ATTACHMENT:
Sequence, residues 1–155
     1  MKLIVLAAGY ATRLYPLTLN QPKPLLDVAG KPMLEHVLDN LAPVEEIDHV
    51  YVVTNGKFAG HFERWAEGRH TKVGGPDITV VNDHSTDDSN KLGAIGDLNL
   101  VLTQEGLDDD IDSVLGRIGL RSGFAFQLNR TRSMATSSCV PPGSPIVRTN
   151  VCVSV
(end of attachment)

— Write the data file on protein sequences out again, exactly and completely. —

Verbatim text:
Sequence, residues 1–155
     1  MKLIVLAAGY ATRLYPLTLN QPKPLLDVAG KPMLEHVLDN LAPVEEIDHV
    51  YVVTNGKFAG HFERWAEGRH TKVGGPDITV VNDHSTDDSN KLGAIGDLNL
   101  VLTQEGLDDD IDSVLGRIGL RSGFAFQLNR TRSMATSSCV PPGSPIVRTN
   151  VCVSV